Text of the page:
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Drill Time on a Distant Planet

Curiosity robot makes its mark on Mars. Credit: Mast Camera (Mastcam) (MSSS-MALIN)

NASA’s Curiosity Mars rover is engaged in new sample-collection drilling. It performed a “mini-drill” operation on April 29, a preparatory step that created a hole about eight-tenths of an inch (2 centimeters) deep.

Word is that the Curiosity team operating the mobile robot plans to proceed in coming days with the third-ever drilling into a rock on Mars to collect a sample for analysis.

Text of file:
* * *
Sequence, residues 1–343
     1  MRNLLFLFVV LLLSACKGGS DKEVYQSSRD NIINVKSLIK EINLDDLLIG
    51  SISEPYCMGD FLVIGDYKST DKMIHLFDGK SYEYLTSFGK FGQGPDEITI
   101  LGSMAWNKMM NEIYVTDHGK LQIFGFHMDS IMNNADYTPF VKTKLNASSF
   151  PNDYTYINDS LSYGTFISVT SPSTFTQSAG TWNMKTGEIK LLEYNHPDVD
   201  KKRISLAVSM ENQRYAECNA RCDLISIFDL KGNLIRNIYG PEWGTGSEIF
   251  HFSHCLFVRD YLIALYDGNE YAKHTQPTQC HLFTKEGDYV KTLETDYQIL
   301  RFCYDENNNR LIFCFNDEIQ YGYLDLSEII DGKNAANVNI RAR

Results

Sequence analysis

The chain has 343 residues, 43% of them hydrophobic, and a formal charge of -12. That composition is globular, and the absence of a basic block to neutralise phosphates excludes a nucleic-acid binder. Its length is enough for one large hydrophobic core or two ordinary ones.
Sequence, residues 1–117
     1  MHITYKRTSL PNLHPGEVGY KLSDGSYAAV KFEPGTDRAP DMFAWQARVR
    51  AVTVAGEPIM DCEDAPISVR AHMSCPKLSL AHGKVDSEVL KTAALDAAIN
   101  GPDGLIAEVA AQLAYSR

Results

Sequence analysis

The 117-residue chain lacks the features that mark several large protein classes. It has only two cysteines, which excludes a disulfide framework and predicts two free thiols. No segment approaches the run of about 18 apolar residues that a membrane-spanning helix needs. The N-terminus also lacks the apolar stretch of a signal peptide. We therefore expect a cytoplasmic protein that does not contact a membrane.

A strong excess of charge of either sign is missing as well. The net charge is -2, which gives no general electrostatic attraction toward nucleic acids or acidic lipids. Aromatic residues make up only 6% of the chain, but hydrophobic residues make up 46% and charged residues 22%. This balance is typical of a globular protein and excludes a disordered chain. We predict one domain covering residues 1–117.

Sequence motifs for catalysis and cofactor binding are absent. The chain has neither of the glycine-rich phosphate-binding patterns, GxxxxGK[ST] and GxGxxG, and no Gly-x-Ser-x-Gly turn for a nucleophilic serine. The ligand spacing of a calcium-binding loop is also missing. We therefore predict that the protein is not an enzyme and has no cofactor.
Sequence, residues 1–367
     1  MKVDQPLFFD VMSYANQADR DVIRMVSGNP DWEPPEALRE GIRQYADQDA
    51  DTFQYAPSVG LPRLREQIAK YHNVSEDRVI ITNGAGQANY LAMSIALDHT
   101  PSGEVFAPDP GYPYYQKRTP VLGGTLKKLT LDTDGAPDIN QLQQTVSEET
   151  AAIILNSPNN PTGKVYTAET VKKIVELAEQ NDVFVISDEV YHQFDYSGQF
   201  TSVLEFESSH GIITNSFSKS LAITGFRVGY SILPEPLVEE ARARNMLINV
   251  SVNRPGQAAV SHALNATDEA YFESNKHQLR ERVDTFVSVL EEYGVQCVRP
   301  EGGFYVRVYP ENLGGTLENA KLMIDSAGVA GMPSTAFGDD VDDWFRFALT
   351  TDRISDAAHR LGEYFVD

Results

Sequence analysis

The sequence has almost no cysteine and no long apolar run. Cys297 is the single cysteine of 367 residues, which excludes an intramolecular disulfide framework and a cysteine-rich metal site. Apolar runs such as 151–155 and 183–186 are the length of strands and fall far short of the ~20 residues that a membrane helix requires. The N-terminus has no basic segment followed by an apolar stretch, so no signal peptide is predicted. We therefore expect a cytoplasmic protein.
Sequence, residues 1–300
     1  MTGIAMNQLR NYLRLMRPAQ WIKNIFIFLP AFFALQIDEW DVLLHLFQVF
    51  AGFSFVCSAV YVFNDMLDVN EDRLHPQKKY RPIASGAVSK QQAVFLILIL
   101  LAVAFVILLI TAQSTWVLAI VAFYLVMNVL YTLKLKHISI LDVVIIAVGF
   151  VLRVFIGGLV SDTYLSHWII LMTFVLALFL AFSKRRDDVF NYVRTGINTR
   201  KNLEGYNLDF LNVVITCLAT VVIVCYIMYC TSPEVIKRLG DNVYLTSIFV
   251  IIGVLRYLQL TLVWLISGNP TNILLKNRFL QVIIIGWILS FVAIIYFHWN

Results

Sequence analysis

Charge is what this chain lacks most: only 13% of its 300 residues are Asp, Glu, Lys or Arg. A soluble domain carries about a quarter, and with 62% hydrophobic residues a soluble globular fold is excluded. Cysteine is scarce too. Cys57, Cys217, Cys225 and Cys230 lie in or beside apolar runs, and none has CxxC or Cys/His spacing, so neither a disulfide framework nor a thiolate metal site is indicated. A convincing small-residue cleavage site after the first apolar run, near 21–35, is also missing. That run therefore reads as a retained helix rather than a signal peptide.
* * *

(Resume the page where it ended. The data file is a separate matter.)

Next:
The first two Martian rocks drilled and analyzed this way were mudstone slabs neighboring each other in Yellowknife Bay, about 2.5 miles (4 kilometers) northeast of the rover’s current location.

Those two rocks yielded evidence last year of an ancient lakebed environment with key chemical elements and a chemical energy source that provided conditions billions of years ago favorable for microbial life.

These remote drilling operations are precursors to how future work on Mars will be carried out – a combination of robotic and human sampling skills.

By Leonard David

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